FEYERICK (on camera): Did you tell your lender that look, I'm a veteran; cut me a little break, a little break? JOSEPH: We tried and we got bounced around a lot. That was the big problem with the lender, we got bounced around so much and they dragged the process out so long that that made us fall even further behind.

FEYERICK: Joseph is now trying to get financial help from non- profit groups in the hope of saving his house. Filner's legislation would help families like the Joseph's by freezing foreclosure on active duty troops for a year after they come home.

JOSEPH: We shouldn't have to go for any type of hard times. We served our country, we volunteered, we weren't drafted, we volunteered to do this, so we should be taken care of a little better and a little faster.


FEYERICK: For many people like Christopher Joseph, the only real help is through independent veterans' groups and non-profit agencies like USA Cares and the American Legion. It's a temporary solution, piecing enough financial aid together to delay foreclosure, but not necessarily prevent it -- Gerri.

WILLIS: Are there any protects, Deb, out there for active duty soldiers?

FEYERICK: There's a relief act that's supposed to help. It provides some money, but because it's so limited, that's why there's an attempt now at new laws. The military does give housing allowances to active duty soldiers, and many use it for rent, but another big problem is that service members are being evicted because of the actual homeowners of the rental properties are being disclosed on. So, it's just a spiral.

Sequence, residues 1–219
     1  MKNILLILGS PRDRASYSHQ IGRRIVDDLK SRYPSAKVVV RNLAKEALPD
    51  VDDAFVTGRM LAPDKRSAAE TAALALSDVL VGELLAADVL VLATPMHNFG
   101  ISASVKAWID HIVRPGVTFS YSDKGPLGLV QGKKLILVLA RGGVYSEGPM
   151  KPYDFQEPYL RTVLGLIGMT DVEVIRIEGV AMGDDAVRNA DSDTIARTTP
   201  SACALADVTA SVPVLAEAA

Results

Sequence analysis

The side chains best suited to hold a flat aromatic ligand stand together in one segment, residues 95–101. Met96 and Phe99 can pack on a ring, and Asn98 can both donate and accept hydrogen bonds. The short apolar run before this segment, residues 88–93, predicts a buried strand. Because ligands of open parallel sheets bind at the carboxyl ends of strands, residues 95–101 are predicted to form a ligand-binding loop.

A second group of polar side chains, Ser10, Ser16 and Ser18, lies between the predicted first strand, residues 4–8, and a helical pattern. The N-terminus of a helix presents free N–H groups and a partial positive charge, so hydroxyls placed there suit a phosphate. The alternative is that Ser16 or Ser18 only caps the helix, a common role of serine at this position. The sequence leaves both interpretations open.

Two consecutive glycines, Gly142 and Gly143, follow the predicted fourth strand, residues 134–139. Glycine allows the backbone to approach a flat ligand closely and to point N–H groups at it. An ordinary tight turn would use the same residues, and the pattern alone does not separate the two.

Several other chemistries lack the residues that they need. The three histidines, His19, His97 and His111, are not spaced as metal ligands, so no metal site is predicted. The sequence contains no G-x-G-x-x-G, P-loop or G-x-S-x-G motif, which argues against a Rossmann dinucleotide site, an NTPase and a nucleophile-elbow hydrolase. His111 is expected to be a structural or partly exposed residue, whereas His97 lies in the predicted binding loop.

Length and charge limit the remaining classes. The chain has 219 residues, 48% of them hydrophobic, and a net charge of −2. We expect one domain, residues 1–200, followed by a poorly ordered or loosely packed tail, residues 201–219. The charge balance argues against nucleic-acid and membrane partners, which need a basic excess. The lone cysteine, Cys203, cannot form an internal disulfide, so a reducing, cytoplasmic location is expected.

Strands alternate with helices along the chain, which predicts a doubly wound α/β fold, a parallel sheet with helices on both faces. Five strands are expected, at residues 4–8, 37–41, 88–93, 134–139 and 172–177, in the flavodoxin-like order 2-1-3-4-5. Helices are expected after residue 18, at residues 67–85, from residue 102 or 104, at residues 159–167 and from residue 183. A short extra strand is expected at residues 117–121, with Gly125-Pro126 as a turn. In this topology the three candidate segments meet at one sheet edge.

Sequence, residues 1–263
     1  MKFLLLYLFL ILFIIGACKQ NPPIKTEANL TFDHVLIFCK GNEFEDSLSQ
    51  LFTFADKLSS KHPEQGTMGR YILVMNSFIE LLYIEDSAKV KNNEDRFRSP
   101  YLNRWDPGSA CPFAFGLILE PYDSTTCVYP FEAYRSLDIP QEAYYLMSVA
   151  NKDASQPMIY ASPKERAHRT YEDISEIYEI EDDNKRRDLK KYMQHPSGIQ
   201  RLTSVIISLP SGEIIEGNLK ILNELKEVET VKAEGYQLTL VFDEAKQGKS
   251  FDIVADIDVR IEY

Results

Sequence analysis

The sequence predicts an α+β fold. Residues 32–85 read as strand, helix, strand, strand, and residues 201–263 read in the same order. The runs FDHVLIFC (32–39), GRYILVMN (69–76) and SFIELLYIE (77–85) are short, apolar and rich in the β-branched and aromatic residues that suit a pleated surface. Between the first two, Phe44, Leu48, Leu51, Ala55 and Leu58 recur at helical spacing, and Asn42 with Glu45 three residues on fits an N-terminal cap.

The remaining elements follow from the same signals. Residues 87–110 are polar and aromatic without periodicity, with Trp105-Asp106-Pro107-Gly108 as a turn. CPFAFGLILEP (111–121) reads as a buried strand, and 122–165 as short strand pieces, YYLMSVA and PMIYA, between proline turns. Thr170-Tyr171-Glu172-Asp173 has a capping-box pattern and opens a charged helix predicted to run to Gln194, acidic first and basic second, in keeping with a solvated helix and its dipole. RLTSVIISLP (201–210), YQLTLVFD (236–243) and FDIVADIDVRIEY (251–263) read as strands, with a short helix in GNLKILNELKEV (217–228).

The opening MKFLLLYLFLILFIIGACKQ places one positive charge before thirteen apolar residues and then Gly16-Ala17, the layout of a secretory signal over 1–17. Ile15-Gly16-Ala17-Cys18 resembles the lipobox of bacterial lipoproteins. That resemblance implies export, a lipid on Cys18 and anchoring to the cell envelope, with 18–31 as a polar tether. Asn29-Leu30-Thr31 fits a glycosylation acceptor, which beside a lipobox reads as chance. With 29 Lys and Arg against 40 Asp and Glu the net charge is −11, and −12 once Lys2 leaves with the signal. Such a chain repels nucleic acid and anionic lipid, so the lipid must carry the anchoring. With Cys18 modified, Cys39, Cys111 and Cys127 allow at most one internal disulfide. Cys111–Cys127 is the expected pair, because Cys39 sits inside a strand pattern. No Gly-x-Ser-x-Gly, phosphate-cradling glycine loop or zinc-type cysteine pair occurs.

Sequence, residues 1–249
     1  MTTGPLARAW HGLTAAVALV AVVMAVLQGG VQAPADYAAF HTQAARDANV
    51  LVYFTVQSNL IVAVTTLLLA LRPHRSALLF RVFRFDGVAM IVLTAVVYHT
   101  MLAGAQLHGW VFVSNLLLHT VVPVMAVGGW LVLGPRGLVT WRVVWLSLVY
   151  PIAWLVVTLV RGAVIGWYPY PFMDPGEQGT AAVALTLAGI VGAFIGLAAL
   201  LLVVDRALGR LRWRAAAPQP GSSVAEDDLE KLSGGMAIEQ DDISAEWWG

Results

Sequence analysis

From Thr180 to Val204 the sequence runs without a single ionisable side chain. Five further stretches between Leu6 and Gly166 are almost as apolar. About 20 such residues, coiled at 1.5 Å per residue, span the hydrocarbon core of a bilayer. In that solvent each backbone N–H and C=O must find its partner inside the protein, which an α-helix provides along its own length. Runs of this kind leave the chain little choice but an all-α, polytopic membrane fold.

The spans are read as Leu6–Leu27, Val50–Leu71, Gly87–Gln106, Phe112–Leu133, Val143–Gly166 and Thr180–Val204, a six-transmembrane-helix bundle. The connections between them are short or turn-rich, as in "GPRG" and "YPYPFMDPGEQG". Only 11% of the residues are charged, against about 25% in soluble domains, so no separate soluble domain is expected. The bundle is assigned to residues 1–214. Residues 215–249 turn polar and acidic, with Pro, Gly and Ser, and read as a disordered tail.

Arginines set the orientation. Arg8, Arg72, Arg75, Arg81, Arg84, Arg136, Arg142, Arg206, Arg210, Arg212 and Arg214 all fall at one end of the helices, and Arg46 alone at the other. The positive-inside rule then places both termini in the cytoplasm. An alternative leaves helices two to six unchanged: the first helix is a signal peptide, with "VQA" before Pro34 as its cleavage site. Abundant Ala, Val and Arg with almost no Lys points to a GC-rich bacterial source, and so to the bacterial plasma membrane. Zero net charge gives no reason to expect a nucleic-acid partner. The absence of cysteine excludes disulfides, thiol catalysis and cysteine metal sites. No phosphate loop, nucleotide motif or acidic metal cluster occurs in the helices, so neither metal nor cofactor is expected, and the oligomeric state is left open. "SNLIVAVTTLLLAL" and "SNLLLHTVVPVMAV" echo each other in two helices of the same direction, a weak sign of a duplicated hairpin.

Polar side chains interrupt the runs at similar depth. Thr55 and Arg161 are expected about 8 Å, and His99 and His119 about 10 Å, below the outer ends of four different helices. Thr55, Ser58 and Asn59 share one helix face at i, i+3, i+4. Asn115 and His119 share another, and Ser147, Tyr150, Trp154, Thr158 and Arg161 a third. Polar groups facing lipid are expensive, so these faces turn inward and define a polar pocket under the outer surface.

WILLIS: Oh, it's a double whammy. Deb, thanks for that story.

Here at CNN, America's economy is issue No. 1. This coming Monday, we'll bring you a special military life edition of "ISSUE #1" at 12:00 p.m. Eastern, 9:00 Pacific.

Still ahead on OPEN HOUSE, it's not just you, there are more garage sale signs around the neighborhood. Selling things to bring in some extra cash. And little improvements you can make around your home for $25 or less. You won't want to miss this one.


WILLIS: OK, you're going to love this. If you're looking for extra cash this holiday weekend, you might not have to look too far to find it. Everything you need to bring in a few extra bucks might be right underneath your roof. That's right, I'm talking about garage sales.

Our Stephanie Elam has the story.

(BEGIN VIDEOTAPE) KATHY TAGGART, SELLER: It's a full king comforter with shams, 15, the price.

STEPHANIE ELAM, CNN BUSINESS CORRESPONDENT (voice over): Spring cleaning season is in full swing, but attitudes about getting rid of household junk ...

UNIDENTIFIED MALE: Got a little bit of everything in that.

ELAM: ...may be a little different this year. The Salvation Army says donations are down in many areas of the United States. That might be the cause more people need to turn a buck on their unwanted things.